WORKERS WITHOUT WORK:  Desperate for jobs yet with little hope of securing one, the workers of SA are taking their plight into their own hands and are expecting answers as municipal elections approach. Picture: SUPPLIED
Workers without work. Picture: SUPPLIED

THE majority of South Africans feel their financial situation has either deteriorated or stayed the same over the past year, and that it is unlikely to improve over the next year, a survey by the Institute for Justice and Reconciliation shows.

The institute surveyed just more than 2,000 adults of all races late last year and 30% indicated that at some point during the previous year, they did not have food to eat, while 41% noted that they had not had access to clean running water.

The survey results were released in Cape Town on Wednesday.

More than two-thirds (67.4%) of South Africans felt that their personal financial situation had either stayed the same or worsened a year prior to the survey, and just more than half (54%) felt that it would remain unchanged in the 12 months following it.

SA is facing an economic downturn and its worst drought in 23 years. Statistics SA said on Wednesday consumer inflation worsened to 6.2% year on year in January, compared with 5.2% in December. This reflects a breach of the Reserve Bank’s target range of between 3% and 6%.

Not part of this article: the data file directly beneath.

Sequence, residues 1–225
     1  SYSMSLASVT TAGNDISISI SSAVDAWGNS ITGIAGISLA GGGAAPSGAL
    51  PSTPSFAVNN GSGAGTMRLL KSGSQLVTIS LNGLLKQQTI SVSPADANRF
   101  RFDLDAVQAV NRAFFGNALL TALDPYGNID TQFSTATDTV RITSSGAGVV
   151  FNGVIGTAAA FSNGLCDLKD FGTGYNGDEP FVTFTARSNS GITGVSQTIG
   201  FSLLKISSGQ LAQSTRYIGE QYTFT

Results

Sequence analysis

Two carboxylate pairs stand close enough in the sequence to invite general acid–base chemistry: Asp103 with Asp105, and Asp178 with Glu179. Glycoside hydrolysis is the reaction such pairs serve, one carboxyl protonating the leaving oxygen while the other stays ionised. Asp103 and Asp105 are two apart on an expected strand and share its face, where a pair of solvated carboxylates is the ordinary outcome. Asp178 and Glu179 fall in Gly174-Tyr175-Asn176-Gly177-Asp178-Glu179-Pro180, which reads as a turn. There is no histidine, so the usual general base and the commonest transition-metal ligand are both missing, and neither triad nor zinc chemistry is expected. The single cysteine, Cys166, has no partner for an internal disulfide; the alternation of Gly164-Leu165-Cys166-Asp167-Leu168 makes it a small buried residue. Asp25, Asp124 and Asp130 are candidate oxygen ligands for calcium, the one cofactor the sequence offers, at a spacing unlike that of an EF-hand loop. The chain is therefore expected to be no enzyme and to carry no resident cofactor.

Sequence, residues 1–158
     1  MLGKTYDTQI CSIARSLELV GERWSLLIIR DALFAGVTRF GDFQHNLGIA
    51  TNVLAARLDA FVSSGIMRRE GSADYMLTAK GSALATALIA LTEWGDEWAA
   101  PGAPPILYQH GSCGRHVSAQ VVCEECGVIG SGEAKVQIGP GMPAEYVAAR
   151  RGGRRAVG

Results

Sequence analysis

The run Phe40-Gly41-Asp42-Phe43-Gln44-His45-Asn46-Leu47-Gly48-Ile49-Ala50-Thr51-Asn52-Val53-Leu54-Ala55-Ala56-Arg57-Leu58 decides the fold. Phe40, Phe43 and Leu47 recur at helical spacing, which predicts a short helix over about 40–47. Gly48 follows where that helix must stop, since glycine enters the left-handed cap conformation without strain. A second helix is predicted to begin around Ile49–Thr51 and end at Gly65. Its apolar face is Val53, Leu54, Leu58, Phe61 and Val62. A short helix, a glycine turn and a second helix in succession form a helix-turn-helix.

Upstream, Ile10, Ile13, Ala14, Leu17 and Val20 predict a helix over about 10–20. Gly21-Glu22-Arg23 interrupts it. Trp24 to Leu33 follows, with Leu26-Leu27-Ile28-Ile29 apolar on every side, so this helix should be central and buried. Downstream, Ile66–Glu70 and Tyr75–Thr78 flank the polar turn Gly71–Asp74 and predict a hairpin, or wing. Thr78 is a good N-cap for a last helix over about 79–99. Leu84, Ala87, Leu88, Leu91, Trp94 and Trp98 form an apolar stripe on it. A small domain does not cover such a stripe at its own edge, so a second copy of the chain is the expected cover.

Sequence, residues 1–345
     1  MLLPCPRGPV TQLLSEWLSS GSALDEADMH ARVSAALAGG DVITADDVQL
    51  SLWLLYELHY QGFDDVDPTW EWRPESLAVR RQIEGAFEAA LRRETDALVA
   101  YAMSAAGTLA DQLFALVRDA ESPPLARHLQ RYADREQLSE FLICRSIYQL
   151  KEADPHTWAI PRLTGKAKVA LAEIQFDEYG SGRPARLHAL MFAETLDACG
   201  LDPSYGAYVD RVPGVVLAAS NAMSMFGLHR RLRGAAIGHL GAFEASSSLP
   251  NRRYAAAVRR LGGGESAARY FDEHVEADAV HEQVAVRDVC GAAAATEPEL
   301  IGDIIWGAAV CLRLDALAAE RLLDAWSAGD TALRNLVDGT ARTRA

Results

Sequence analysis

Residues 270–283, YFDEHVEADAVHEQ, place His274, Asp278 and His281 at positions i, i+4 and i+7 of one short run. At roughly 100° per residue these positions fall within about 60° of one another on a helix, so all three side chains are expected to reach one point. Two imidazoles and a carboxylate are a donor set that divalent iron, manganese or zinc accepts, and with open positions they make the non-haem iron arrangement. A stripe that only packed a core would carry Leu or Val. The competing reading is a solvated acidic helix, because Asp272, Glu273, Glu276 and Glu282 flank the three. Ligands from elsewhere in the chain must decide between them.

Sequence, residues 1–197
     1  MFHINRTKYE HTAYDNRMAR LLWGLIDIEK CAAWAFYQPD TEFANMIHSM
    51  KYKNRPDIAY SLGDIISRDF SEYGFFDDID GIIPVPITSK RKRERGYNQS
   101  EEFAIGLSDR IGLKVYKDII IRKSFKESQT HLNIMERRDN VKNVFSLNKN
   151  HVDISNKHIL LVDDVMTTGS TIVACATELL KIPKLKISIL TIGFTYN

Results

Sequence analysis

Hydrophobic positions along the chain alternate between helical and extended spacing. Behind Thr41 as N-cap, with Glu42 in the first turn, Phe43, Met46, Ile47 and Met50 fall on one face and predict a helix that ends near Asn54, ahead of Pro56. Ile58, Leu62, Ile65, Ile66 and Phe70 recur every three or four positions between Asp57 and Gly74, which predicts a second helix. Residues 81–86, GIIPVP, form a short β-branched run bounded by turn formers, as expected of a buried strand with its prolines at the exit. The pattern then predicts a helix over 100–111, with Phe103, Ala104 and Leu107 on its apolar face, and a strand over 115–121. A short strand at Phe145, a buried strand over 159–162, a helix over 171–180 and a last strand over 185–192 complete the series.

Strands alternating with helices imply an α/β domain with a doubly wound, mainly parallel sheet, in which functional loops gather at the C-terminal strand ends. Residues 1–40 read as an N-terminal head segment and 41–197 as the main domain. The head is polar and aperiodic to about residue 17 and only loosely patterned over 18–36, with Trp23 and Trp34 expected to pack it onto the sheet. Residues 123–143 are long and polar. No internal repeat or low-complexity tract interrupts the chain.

According to the Institute of Justice and Reconciliation, given this generally negative sentiment within the context of an ailing economy, the challenge for nation-building had become increasingly difficult.

The survey showed that a majority of South Africans regarded inequality as the primary source of social division in the country. About 67% of respondents felt that income inequality had either worsened or stayed the same since 1994. Roughly 61% of respondents indicated that the economic situation of their families had either deteriorated or stayed the same since the dawn of democracy.

"Our pursuit of a reconciled society will, therefore, remain a deferred dream for as long as inherited social inequities persist," said Jan Hofmeyr, who heads the Policy and Analysis Programme at the Institute for Justice and Reconciliation.

"Reconciliation is about more than just the achievement of a nonracial society — it is also about the restoration of dignity. This calls for a state that is geared towards an equitable distribution of resources and protection of the poor.

"In the short-to medium term, social tensions will have to be managed responsibly. In the longer term we will have to accept that without development, the dream of national reconciliation will remain just that," Mr Hofmeyr said.